leelansford

Elite Member
Joined
Mar 29, 2002
Professional Status
Certified Residential Appraiser
State
Illinois
...Has anyone ever based their final value on active listings??

Responding to your question:

The development of an opinion of MV involves, among other things, your consideration of closed sales, pending sales, offerings, offerings with contract offers and recent off-market competing properties.

Obviously, each situation is unique. Closed sales ("the comps") by themselves may not be a reliable indicator of MV.

Your "active listings" may be a form of external obsolescence.

The opinion of MV is not "based" on active listings, but such market data may affect the opinion.
 

Terrel L. Shields

Elite Member
Gold Supporting Member
Joined
May 2, 2002
Professional Status
Certified General Appraiser
State
Arkansas
I choose ratio from the comp which I placed most weight on and it brought adjusted values of listings in below subject value and value of comparable sales. This MB has sent back appraisal 3 times prior, we have complied with all requests.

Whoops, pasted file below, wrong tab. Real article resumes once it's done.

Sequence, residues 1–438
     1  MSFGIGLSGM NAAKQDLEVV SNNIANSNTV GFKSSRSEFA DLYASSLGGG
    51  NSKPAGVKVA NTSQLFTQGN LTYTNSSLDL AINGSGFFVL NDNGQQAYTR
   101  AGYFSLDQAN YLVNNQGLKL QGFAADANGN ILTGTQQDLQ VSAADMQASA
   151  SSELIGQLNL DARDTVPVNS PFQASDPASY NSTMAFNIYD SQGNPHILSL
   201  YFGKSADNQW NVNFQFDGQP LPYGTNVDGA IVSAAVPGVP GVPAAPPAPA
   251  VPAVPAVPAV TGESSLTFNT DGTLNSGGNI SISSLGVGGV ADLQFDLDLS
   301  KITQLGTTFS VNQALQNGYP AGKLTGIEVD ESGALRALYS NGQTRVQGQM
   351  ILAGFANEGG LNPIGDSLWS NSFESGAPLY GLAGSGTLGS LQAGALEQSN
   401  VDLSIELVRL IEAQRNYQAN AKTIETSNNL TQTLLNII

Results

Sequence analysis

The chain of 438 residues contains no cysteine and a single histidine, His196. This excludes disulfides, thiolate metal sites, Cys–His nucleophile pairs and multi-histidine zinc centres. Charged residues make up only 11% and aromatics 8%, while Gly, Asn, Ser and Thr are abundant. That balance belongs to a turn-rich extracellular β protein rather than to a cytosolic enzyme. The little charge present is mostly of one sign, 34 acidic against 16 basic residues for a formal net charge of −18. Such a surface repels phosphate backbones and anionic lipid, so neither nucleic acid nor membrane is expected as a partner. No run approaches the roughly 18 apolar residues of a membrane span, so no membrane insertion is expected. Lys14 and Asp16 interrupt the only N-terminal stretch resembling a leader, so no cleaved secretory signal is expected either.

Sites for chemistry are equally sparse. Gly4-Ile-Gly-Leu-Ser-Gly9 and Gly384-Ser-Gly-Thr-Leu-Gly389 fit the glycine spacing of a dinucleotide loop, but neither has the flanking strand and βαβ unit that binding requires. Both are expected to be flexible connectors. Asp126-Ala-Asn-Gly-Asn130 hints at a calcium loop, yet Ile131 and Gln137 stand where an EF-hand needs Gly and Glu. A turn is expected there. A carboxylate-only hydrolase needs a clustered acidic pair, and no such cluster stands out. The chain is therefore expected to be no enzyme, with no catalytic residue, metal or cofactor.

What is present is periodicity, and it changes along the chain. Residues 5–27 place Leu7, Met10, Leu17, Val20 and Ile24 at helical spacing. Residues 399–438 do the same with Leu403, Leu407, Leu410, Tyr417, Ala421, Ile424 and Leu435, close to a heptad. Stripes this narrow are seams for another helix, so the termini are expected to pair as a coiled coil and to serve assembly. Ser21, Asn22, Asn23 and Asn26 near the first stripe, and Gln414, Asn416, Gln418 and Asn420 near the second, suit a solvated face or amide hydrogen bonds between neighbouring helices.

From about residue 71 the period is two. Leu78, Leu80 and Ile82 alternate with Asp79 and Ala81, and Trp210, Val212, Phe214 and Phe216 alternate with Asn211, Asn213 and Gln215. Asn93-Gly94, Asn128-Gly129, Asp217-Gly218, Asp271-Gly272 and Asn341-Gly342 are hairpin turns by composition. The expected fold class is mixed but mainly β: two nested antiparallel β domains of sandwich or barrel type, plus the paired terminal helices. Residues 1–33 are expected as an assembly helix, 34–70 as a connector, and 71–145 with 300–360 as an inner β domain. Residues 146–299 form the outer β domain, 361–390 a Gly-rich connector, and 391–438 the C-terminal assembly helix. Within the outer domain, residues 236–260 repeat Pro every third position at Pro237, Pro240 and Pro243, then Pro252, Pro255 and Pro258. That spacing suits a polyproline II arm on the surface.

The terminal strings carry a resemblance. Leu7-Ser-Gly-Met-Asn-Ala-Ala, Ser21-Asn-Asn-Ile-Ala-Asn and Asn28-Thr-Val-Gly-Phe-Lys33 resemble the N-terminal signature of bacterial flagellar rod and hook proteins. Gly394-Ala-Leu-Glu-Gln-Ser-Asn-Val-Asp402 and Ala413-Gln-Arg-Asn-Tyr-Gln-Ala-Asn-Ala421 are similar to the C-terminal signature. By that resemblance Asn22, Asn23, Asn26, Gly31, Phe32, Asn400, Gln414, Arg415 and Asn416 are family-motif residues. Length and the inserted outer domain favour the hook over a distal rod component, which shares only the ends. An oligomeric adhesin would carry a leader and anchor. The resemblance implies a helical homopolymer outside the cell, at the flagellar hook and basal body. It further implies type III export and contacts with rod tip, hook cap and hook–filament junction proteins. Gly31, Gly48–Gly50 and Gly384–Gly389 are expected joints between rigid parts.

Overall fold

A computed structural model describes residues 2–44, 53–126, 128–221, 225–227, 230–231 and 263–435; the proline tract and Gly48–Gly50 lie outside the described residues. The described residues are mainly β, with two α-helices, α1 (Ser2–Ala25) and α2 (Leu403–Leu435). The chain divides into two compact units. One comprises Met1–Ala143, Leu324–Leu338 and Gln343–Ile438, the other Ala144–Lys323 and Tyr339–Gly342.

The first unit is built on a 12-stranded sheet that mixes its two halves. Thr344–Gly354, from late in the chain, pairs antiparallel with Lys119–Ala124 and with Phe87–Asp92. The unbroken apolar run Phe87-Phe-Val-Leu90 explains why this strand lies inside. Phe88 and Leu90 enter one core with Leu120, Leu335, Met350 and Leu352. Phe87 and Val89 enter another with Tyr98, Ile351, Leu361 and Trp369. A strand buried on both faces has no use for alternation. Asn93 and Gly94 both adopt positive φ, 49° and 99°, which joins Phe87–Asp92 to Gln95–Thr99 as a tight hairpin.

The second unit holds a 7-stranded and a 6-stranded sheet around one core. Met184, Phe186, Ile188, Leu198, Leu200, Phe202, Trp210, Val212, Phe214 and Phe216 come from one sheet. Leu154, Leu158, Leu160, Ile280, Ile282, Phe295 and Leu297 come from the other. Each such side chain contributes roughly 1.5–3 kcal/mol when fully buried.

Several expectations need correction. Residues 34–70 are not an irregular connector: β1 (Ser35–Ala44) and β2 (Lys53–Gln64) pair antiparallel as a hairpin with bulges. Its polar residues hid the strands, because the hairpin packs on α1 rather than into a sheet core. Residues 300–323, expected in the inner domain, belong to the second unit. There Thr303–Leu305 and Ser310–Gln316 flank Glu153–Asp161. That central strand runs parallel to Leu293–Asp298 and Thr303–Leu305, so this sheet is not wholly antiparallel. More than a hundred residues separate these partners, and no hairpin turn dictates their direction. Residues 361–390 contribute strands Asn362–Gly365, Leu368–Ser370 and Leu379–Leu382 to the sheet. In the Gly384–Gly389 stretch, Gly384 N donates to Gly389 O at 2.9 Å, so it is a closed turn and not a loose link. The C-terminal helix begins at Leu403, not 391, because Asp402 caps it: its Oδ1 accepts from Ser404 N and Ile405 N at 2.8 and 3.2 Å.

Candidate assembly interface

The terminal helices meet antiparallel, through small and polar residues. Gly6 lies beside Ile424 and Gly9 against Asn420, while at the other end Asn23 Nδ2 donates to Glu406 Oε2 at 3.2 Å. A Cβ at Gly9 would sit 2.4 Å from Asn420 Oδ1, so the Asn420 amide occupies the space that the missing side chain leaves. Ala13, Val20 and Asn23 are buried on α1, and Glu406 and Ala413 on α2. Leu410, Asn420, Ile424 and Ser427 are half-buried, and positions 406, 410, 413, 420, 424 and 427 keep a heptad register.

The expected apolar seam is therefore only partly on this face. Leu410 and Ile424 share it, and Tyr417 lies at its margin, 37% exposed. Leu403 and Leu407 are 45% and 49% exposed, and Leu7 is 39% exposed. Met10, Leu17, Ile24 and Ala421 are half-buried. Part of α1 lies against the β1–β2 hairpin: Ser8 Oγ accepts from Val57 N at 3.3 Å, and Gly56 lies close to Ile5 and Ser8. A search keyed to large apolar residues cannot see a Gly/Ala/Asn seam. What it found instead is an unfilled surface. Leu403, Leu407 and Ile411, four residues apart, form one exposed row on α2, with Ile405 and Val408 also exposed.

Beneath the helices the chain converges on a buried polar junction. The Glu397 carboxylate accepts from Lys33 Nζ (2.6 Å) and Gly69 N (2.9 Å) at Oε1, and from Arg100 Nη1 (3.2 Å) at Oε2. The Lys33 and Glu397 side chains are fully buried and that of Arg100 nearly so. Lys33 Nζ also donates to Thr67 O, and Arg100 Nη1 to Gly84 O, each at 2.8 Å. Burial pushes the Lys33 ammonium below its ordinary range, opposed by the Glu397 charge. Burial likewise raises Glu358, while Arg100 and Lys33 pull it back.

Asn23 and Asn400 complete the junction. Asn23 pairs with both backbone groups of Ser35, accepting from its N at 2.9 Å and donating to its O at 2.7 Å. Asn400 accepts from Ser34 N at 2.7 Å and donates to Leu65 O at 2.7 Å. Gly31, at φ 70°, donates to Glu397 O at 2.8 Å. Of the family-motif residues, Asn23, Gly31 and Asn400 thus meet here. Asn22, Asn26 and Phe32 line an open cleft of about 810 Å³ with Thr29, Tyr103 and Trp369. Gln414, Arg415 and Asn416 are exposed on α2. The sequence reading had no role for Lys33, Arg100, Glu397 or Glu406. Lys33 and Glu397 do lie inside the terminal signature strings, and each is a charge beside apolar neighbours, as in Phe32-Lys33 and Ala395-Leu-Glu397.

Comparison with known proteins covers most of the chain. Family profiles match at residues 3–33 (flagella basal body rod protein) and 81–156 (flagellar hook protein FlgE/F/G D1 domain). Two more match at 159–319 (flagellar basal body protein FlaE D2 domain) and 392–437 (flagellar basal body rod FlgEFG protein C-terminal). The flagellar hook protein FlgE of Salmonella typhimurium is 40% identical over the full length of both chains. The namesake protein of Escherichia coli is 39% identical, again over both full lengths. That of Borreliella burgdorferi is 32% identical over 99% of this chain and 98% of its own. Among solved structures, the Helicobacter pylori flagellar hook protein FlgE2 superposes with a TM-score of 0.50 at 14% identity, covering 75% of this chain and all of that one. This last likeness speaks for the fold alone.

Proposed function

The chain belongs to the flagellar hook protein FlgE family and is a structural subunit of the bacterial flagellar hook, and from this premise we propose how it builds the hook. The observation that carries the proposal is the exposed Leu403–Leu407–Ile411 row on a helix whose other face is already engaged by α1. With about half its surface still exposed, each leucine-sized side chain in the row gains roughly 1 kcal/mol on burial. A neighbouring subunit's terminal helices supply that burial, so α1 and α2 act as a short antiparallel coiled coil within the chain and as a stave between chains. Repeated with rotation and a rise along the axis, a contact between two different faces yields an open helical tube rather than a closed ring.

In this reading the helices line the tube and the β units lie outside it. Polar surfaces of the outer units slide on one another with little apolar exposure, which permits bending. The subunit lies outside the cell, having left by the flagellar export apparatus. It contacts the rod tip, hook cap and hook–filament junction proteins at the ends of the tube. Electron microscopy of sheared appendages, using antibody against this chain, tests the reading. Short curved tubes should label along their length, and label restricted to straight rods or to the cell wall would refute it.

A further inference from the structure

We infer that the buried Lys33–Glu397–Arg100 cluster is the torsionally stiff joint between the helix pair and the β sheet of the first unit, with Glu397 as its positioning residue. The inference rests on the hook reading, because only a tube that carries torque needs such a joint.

Listing support a "top" value. Your comps should likewise indicate a value at or below the listings or you need a time adjustment. Otherwise, pandering to a client without charging them for it smacks of losing your independence in the process. After all your certification said the opinions expressed are YOUR PERSONAL opinions, not the UW or clients....be careful walking that landmine.
Bracketing may be desireable but not required. If it were then the best house in town is unappraisable right? ditto for the worst. at some point I am going to accuse the UW of "redlining" - seeking some way to turn the loan down and blame the appraiser for it.